FEMA Region IV Office

Atlanta, Georgia

News Release


RALEIGH, NC – Operating a chain saw is not like riding a bicycle. If it’s been awhile since you used your saw, the technique might not come back to you all at once, but the saw might.

The N.C. Division of Emergency Management and the Federal Emergency Management Agency urge caution around chainsaws and all clean up tasks, tools, chemicals and machinery.

“There are a lot of different ways to get injured by your chain saw,” said Doug Hoell, director of Emergency Management for North Carolina. “To avoid this problem, keep the saw in a position where you can maintain control and don’t wear yourself out.”

For chain saw jobs, Hoell says to keep these tips in mind:

  • Keep both hands solidly on the chain saw handles and your eye on what you are cutting.
  • Keep the saw only on the right side of your body and below the height of your head.
  • Cut with the lower edge of the saw blade. Cutting with the tip of the saw is asking for a mouthful of moving chain.
  • Limbs and branches that are piled up and bent may snap back at you.
  • Let the chain do the work. Don't try to force the saw.
  • And don't wear yourself out using your saw. Exhaustion makes you lose your edge.

Here’s a list of things to consider before you take on the rubble:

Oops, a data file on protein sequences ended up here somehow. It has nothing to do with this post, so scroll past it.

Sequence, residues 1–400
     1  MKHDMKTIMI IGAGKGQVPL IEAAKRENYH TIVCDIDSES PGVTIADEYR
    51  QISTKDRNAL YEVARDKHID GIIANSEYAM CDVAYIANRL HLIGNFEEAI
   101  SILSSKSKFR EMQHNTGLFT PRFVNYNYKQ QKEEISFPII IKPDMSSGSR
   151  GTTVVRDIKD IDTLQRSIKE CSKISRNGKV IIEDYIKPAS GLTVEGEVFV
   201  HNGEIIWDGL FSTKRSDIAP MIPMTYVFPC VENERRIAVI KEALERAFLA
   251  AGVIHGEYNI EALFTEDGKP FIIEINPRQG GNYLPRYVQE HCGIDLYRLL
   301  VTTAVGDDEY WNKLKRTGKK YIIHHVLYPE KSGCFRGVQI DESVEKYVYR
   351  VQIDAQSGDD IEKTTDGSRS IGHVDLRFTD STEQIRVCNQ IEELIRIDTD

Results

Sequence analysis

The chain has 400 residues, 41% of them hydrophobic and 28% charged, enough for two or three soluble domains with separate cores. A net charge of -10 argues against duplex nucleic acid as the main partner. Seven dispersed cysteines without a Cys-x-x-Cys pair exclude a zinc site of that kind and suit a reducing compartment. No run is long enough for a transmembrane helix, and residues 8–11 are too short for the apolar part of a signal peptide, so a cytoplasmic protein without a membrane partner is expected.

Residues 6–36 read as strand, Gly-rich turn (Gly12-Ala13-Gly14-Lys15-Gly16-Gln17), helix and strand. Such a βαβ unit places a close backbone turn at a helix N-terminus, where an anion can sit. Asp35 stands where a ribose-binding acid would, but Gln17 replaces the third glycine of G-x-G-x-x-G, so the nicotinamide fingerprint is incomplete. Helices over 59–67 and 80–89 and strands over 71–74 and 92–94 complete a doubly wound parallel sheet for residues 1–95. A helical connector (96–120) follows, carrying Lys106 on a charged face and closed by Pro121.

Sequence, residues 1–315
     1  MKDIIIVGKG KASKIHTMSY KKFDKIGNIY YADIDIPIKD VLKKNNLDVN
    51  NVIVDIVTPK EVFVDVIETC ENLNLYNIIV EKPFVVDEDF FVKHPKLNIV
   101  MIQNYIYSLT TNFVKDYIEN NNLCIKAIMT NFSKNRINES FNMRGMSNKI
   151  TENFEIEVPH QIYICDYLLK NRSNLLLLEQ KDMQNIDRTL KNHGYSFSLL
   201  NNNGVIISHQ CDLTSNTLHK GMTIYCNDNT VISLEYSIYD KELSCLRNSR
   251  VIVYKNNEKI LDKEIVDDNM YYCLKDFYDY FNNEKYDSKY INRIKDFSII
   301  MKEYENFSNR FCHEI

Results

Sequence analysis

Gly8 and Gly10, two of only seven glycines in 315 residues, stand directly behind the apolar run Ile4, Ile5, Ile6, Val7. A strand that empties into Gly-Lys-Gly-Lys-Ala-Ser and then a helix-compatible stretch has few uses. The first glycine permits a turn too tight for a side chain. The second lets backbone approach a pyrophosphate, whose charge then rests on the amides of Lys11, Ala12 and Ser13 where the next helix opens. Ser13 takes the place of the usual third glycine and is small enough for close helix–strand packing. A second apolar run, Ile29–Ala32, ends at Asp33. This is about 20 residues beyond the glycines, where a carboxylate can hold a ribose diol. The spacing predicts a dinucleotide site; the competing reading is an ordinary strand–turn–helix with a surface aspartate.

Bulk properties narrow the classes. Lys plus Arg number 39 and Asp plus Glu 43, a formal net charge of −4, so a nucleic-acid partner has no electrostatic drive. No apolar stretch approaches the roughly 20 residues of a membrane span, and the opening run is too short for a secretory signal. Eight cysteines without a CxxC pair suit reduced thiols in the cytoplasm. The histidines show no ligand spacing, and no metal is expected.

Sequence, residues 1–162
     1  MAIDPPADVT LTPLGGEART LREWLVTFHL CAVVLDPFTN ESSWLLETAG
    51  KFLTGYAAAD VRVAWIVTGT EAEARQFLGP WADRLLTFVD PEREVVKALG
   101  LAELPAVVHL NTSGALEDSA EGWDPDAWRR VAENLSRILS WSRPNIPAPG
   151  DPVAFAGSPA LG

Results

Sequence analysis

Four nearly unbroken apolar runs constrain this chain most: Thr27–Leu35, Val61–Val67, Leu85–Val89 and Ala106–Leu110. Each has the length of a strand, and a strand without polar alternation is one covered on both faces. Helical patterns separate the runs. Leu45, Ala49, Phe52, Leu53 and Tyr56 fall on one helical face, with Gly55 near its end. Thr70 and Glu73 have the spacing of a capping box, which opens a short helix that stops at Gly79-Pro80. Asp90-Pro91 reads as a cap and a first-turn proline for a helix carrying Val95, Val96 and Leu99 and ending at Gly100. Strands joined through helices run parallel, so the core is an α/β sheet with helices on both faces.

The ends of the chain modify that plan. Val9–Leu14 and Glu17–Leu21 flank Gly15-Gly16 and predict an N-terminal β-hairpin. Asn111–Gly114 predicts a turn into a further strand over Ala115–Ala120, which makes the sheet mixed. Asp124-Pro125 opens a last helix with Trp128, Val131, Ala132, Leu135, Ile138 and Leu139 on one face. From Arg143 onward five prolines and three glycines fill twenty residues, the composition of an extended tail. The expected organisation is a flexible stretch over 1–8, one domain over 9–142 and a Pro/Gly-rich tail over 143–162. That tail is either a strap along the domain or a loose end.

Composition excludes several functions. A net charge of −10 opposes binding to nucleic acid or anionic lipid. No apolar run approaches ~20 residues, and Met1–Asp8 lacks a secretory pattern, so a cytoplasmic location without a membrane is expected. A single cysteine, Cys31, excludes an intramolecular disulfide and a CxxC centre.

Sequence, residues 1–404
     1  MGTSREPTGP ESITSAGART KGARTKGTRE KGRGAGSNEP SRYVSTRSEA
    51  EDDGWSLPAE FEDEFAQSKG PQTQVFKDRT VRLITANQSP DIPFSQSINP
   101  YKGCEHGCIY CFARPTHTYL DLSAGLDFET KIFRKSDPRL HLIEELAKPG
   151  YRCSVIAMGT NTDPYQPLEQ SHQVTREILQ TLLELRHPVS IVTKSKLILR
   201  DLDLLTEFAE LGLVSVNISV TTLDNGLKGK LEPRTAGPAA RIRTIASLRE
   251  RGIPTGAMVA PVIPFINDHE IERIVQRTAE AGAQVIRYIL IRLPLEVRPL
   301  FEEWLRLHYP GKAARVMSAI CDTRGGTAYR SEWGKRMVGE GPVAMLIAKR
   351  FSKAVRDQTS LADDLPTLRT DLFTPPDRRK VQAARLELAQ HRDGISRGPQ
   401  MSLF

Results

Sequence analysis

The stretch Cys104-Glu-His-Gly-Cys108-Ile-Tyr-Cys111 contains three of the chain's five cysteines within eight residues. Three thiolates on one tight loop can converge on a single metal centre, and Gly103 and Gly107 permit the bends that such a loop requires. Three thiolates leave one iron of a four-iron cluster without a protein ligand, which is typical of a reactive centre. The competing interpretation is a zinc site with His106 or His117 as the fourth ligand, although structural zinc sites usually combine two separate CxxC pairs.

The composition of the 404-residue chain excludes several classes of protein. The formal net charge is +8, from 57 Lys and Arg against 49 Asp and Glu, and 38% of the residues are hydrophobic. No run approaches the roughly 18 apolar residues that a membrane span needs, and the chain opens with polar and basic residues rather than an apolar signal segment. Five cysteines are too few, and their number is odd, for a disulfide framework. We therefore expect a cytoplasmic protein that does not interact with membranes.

• Survey the work and plan your attack in stages.
  • Drink water before you start and take frequent water breaks.
  • Poisonous snakes are out and about. Use a long stick to poke through debris before you wade into it.
  • Wear protective clothing to suit the job: a hard hat, chain saw chaps, goggles, safety shoes and gloves.
  • Use UV protection and bug repellent.

Find more information about getting back into your home or business safely, check out



FEMA’s mission is to support our citizens and first responders to ensure that as a nation we work together to build, sustain, and improve our capability to prepare for, protect against, respond to, recover from, and mitigate all hazards.

Disaster recovery assistance is available without regard to race, color, religion, nationality, sex, age, disability, English proficiency or economic status. If you or someone you know has been discriminated against, call FEMA toll-free at 800-621-FEMA (3362). For TTY call 800-462-7585.

FEMA’s temporary housing assistance and grants for public transportation expenses, medical and dental expenses, and funeral and burial expenses do not require individuals to apply for an SBA loan. However, applicants who receive SBA loan applications must submit them to SBA loan officers to be eligible for assistance that covers personal property, vehicle repair or replacement, and moving and storage expenses.